Dementia and Mild Cognitive Impairment


There are approximately 2,500 people in Salford living with dementia and this is expected to rise a lot more as the population gets older. 
 

Mild cognitive impairment is when someone has minor problems with mental abilities like memory or thinking. If you have mild cognitive impairment, these difficulties are worse than would normally be expected for a healthy person of your age, but not severe enough to be diagnosed as dementia.


What you should expect from your GP practice:
 

  • The test for dementia will be carried out by a healthcare professional who knows your current medical history and social circumstances using one of the following:

    • The General Practitioner assessment of Cognition (GPCOG)

    • Six Item Cognitive Impairment Test (6CIT)

    • Mini-Cog Assessment Instrument

    • The Salford Learning Disability Dementia Screen Questions

  • If test results show you may have dementia, the practice should follow the local Dementia Referral Pathway

  • If you are diagnosed with dementia, you will be offered an annual general health review which will include:

    • A physical, mental health and social review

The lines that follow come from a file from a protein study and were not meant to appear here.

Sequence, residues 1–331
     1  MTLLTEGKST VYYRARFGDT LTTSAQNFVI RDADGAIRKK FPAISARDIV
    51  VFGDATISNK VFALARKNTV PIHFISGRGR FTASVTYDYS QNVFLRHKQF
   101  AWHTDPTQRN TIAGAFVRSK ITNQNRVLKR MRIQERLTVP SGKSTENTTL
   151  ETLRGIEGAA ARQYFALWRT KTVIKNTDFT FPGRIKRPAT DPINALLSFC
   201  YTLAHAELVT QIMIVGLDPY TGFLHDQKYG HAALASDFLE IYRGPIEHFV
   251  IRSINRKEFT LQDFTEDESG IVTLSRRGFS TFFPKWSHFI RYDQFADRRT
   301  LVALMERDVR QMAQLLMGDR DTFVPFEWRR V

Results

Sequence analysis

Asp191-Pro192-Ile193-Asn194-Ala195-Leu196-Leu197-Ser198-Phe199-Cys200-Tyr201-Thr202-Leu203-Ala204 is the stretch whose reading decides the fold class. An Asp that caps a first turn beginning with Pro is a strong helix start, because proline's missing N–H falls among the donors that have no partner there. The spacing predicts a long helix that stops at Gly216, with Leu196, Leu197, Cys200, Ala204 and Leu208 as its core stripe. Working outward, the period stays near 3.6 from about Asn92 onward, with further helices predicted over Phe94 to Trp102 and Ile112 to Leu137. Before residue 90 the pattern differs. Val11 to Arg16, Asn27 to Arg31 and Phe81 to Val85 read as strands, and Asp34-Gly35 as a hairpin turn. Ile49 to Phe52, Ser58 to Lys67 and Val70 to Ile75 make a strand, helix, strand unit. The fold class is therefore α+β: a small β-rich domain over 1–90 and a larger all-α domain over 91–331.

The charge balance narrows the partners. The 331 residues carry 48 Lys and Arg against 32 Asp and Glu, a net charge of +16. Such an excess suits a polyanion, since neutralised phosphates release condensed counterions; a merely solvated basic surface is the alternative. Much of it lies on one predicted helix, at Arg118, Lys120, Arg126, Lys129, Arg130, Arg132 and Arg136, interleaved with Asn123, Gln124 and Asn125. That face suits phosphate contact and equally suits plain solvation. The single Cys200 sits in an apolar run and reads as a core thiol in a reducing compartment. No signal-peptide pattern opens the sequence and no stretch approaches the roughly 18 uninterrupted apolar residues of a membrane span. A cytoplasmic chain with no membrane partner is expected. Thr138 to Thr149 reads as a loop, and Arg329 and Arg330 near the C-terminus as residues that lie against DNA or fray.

• A record of your wishes for the future

    • Communication and co-ordination arrangements with secondary health (if applicable)

    • Details of your carer/s and:

      • The appropriate permission to allow the practice to speak directly to your carer/s to provide more detail of the support services available to you and your family (if applicable). The amount of information your carer needs will depend on the stage of the illness and your health and social care needs

      • Your carer will be included in the care plan, or advanced care plan, discussions, as appropriate

      • The impact of caring on the care-giver. They will be offered a health check to look at the impact caring is having on their own physical and mental health. If your carer is registered with a different practice, your practice will tell your carer that they can seek advice from their own practice

  • The practice will be registered as an organisation on the Dementia Friends website.

  • Your practice will have a dementia champion within the practice, who might be a receptionist, manager or a clinician. They will support front-facing staff, attend the official Dementia Friends Champion training and share learning throughout the practice

 

Last updated November 2017.